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Hello,

I'm a baritone. I'm only 15, so that could change, who knows, but I've been looking into extending my range downwards and have had good results. My normal range is from F2-C5, although once warmed up I can get a D2 that's very unstable, but not fry. I learned about "Subharmonics", and decided to try them out. After about a week I've developed the technique to take me down to a G1, ugly it may be. The reason I'm posting here is because during this week, I've developed a strange... "partial" on my voice. (I'm a brass player, so this is the only way I know to say how it feels.) This partial starts at C2, and ends at about D1-E1, and I don't think its fry. It's not as pretty as say a full chest voice, however, its very connected and not separated like fry tends to be. Its hard to control, but it's there. Is this some type of fry I've randomly developed? Is it maybe subharmonics that I've somehow figured out? Any input? Very curious.

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A frequency is a pulse at a certain speed. Having said that, It is possible to vary the speed of the pulse in fry voice. I am able (At times) to regulate an A2 fry pulse where the A1 becomes the dominant tone.

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No, that's not what this sounds like; although subharmonics sounds quite similar when done poorly.

This low "partial", actually resonates and has overtones. I'm beginning to think it may be fry. However, I've actually used this in choir and gotten complimented on it, and apparently it sounds almost as good as my chest voice. The only microphone I have is the one on my headset, and it caps at about 110 hz, so I can't upload a clip.

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Yeah, that's definitely not this haha. I'm thinking it's either a well sustained fry, or maybe I've managed to get some more chest range that I just haven't discovered before. I've been able to follow most of Home Free's bass line (they're a country acapella group with an amazing bass-baritone, Tim Foust. Range of B0-A5.) I can reliably follow it down to an E1.

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I would like to hear what this sounds like. I believe it is possble to extend the low range. Just like training the high range there are things you can do or resonances to access to reach lower notes or make them more solid.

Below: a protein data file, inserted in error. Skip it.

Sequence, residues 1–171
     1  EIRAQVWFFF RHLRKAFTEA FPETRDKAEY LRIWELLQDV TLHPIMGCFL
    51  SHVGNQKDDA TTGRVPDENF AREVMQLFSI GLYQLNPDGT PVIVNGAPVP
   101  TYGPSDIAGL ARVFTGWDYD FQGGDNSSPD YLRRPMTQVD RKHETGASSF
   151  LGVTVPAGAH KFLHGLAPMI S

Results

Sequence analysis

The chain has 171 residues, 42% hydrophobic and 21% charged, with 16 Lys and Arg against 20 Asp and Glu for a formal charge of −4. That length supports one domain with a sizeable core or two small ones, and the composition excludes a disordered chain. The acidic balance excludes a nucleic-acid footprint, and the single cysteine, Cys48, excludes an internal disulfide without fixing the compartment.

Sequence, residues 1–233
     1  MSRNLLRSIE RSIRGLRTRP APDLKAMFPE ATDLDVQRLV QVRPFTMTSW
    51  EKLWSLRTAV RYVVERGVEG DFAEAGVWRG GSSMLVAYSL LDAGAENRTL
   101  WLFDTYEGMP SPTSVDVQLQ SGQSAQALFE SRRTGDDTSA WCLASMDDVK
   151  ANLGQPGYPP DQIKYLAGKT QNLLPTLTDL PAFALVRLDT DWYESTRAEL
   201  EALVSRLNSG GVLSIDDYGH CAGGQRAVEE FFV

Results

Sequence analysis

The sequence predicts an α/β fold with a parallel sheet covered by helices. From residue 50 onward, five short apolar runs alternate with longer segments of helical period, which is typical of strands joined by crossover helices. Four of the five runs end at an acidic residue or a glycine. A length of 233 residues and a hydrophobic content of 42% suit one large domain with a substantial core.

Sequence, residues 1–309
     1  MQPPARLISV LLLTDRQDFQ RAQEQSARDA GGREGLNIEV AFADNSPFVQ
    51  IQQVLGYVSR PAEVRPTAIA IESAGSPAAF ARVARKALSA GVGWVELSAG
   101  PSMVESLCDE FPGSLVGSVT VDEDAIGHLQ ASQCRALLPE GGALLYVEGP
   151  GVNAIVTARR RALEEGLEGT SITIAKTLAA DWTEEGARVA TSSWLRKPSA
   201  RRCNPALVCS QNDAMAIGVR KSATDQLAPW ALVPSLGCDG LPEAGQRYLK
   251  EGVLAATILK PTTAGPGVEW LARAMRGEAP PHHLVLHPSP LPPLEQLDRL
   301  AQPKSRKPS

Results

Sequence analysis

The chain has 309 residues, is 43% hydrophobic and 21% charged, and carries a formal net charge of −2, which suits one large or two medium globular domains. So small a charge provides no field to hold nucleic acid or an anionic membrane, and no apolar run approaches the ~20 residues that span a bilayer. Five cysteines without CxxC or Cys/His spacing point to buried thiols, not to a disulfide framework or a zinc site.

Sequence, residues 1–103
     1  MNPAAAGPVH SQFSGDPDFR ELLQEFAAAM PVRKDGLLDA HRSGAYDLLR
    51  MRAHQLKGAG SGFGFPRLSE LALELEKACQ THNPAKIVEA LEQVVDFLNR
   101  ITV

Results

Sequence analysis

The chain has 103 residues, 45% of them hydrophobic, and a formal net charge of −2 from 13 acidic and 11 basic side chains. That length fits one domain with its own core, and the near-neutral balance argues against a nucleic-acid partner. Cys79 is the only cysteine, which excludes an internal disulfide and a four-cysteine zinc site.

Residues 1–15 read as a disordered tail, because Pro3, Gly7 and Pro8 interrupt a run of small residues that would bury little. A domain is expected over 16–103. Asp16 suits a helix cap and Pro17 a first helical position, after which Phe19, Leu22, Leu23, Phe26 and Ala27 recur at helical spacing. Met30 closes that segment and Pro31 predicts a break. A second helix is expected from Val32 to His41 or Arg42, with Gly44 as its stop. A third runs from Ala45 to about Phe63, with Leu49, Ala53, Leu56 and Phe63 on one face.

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On 08/05/2016 at 11:40 PM, Chris Harrison said:

The only microphone I have is the one on my headset, and it caps at about 110 hz, so I can't upload a clip.

The sample I've sent was recorded with a cheap cellphone, anything will do really. If you send the sample its easier to understand what you mean.

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I had a D1 in vocal fry when I first began. What you're explaining isn't clear, but there are only two solutions. If you can start a vocal fry before C2, and extend into a deeper fry down to D1, it's still vocal fry even if it's lower pitched. The only other option is a tuvan/Mongolian kargyraa technique, which has this 'chant-like' sound to it. The kargyraa has a tubey "mo" sound, and the vocal fry is just a continual extension of fry with a more "mi" sound.

While it's possible to go that low in kargyraa, it's difficult and it would be surprising if you naturally had it. Go look up examples of kargyraa on YouTube and see if that's what you mean. Like I said, it's either just a deep fry or kargyraa.

If you look at the difference in feeling, fry is just a poppy and relaxed sound on a "mi". In kargyraa, there is slight tension in the throat and the tip of the tongue is depressed into the bottom mouth, making an oh shape in the pharynx.

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  • 5 years later...

Hmmm... Knowing you mentioned Geoff Castelucci, that gave me an indicator which vocal area your speaking of!

It's a weird mix of Subharmonics + Vocal Fry + Upper Overtones Helping Amplify said Lower Subharmonics

Due to this this allows for versatility sound wise!

Here is my REALLY flawed go at it in a mp3 voice clip! I haven't slept for 24 hours so I can't really do anything clean right now ESPECIALLY lower ranges, soooo I will send this mp3 and a YouTube Video of a Accointance of mine doing it actually smoothly, and cleanly, for the lower pitches since frankly I can't hit said pitches RN.

YouTube Video Link of ma Accointance doing it low pitch:

 

 

VID_20210701_050051149_3.mp3

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Here is my 2 additional side by side comparison posts, showing how spot on to Geoff Castelucci's low subharmonic voice method this is!

Geoff Castelucci's Heathens Low Note Section: 

^ Skip to 1:31 in this video to get an idea which section I'm doing

Here is my kinda sloppy comparison proof of concept: 

VID_20210701_053750719.mp3

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Yeeee Though... I think this is what you mean by a Subharmonic sounding like Geoff Castelucci's, if I'm wrong though just lemme know!

I have been Beatboxing for 10+ years, and as a professional in said beatboxing sport online for around 7 - 8 years. And, I have been a vocal performer for also 10+ years, and have been in many Acapella groups for beatboxing or low voice needs for at least 6 years by now.

Sooo, If I am wrong. I still can always Trial and Error rundown like the 20+ different other potential vocal options for something that sounds like a Subharmonic if you really feel you need to know which one you got. :39::cool: :P

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